Zonal variation of the amounts of proteoglycan and collagen was determined. Using the data from PLM, thicknesses corresponding to the superficial, mid, and deep zones were assigned to each FTIR dataset. Based on PLM analysis, the superficial zone was designated from the joint surface (at 0 μm) to 8 μm from the joint surface. The mid zone was from 8 to 53 μm, and the deep zone was from 53 to 100 μm [9]. The amounts of proteoglycan and collagen were calculated for each cartilage zone.

Statistical analyses

To identify changes with loading in the biochemical content of cartilage, the outcome measures were mean integrated value of total proteoglycan in the full cartilage thickness and mean integrated value of total collagen in the full cartilage thickness. To identify changes with loading in the zonal thickness, the outcome measures were cartilage superficial zone mean thickness and cartilage mid zone mean thickness. To identify depth-specific changes in proteoglycan due to loading, the outcome measures were mean integrated value of proteoglycan in the superficial zone of cartilage, mean integrated value of proteoglycan in the mid zone of cartilage, and mean integrated value of proteoglycan in the deep zone of cartilage.

Two-tailed, paired Student t tests were used to compare control and loaded specimens (Sigma Plot version 8.1; Systat Software, Inc., Richmond, CA, USA). The statistical significance level alpha (α) was 0.05.

Results

Proteoglycan and collagen content in the total uncalcified cartilage

The amount of proteoglycan increased in the loaded joint compared with the control joint for all six rabbits (Table 1). The mean (± standard deviation [SD]) of integrated proteoglycan peak values of the control joints was 4.4 (± 1.9), which increased to 6.5 (± 2.4) for the loaded joints (p = 0.03). The mean percentage increase in proteoglycan due to loading was 64%; the median was 29.5%. A control rabbit was housed under identical conditions but without FDP stimulation or anesthesia. No difference in the amount of proteoglycan was observed between right and left joints of the limbs of this control rabbit (data not shown).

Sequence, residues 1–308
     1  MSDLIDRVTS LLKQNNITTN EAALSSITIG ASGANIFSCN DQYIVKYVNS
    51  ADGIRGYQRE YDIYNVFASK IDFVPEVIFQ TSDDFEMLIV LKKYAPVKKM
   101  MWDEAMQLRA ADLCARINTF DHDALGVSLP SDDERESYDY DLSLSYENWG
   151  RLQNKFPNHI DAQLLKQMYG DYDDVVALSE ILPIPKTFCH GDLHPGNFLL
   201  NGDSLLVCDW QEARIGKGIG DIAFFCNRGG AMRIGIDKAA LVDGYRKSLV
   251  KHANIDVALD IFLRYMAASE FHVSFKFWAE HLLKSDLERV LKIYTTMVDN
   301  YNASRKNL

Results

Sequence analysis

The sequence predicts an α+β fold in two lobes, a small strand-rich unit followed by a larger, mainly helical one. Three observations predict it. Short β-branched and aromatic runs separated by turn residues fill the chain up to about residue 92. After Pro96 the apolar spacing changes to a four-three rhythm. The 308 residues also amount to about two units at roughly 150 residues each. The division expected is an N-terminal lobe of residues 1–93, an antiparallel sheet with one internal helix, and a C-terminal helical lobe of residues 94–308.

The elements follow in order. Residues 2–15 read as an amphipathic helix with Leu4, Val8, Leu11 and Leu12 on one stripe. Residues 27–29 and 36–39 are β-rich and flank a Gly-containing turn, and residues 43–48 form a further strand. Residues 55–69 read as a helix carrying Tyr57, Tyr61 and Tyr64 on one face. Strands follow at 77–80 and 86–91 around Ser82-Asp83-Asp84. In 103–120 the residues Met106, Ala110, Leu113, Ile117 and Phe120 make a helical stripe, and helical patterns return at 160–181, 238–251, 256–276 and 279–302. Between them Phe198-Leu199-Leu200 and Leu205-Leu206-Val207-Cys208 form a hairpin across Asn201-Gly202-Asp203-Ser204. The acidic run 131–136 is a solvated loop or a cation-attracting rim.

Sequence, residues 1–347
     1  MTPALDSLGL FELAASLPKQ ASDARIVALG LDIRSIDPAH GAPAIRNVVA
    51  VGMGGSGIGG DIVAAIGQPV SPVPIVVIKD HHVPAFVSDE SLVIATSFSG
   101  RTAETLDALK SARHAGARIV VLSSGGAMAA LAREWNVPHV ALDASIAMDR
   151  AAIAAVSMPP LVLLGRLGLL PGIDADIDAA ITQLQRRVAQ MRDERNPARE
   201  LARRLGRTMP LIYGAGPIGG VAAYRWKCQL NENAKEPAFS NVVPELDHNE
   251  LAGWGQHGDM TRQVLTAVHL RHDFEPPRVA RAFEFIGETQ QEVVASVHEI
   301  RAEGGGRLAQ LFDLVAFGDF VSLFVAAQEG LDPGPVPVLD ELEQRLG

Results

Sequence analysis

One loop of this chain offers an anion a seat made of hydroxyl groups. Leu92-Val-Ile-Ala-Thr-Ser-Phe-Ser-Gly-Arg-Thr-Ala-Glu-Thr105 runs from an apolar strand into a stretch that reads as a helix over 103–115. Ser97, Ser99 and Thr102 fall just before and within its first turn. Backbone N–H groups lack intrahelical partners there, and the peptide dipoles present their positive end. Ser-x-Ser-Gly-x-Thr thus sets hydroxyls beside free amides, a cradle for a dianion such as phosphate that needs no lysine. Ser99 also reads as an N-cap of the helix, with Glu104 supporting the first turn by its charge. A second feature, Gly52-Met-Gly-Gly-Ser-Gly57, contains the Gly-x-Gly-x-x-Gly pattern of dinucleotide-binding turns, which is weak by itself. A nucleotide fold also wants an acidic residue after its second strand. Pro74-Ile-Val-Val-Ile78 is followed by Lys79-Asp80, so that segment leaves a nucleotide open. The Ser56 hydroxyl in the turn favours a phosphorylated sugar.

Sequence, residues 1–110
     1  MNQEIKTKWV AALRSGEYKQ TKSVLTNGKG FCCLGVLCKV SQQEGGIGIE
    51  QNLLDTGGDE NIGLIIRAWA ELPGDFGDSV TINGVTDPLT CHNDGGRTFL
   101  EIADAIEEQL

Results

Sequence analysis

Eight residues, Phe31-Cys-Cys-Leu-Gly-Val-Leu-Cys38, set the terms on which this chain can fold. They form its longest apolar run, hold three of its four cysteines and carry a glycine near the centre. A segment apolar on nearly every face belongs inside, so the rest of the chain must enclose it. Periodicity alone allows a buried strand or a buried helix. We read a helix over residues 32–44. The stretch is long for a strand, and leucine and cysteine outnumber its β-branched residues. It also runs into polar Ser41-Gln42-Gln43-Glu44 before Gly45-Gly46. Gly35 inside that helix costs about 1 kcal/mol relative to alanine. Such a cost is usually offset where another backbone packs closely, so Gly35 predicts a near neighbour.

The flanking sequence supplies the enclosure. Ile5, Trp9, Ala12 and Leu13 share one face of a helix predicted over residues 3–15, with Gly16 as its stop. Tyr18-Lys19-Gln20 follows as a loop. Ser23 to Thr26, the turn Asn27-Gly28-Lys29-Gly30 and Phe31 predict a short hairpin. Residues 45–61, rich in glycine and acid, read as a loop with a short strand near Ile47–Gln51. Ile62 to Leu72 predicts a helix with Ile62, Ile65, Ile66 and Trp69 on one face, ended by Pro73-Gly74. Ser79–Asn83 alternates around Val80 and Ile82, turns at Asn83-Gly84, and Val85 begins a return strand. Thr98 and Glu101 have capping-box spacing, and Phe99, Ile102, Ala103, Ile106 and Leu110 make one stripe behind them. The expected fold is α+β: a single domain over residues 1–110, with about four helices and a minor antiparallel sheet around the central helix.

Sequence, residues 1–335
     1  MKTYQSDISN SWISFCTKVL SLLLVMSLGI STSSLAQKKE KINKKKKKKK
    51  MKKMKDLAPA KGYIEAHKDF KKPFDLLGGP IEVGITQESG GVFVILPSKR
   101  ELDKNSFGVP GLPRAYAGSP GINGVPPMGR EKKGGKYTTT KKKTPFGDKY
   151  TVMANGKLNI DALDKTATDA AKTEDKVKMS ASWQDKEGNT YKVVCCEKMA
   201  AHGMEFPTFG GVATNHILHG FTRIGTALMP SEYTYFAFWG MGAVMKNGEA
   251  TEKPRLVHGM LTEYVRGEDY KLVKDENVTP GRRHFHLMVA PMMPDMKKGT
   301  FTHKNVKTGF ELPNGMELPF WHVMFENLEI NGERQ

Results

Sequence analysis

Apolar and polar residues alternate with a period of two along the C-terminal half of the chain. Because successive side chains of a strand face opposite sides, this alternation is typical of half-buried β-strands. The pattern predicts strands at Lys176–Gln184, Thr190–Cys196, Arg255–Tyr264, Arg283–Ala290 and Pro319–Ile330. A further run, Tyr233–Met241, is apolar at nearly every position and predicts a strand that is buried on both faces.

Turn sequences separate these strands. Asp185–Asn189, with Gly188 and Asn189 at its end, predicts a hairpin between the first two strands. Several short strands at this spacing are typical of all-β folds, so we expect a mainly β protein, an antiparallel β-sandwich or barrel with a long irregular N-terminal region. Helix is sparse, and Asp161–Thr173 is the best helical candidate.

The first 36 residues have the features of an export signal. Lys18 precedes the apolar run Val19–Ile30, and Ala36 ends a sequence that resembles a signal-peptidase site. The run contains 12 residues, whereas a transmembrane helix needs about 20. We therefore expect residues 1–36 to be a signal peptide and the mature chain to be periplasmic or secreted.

Table 1

Proteoglycan content in cartilage of cyclically loaded rabbit metacarpophalangeal joints and their contra-lateral controls

Rabbit no.

Control PGa (absorbance)

Loaded PG (absorbance)

Difference

1

2.1

7.0

4.9

2

2.1

2.6

0.5

3

6.5

10.3

3.8

4

5.2

6.5

1.3

5

4.6

6.0

1.4

6

6.3

6.9

0.6

Mean

4.4

6.5

2.1

SD

1.9

2.4

1.8

Significanceb

  

0.03

aPG content was measured as the mean integrated PG peak (1,185 - 960 cm-1) value from the Fourier Transform Infrared spectra; bstatistical significance was calculated using the two-tailed, paired Student t test (α = 0.05). PG, proteoglycan; SD, standard deviation.

Collagen content was also measured using FTIR (Table 2). The mean (± SD) of integrated collagen peak values of the control joints was 35.3 (± 5.3) and for the loaded joints was 33.5 (± 3.8); the difference was not significant (p = 0.20).
Table 2

Collagen content in the cartilage of cyclically loaded rabbit metacarpophalangeal joints and their contra-lateral controls

Rabbit no.

Control collagena (absorbance)

Loaded collagen (absorbance)

Difference

1

37.8

31.8

-6.0

2

29.8

28.2

-1.6

3

31.1

33.0

1.9

4

42.6

38.3

-4.3

5

31.0

32.1

1.1

6

39.5

37.5

-2.0

Mean

35.3

33.5

-1.8

SD

5.3

3.8

3.0

Significanceb

  

>0.05

aCollagen content was measured as the mean integrated collagen peak (1,710 - 1,595 cm-1) value from the Fourier Transform Infrared spectra; bstatistical significance was calculated using the two-tailed, paired Student t test (α = 0.05). SD, standard deviation.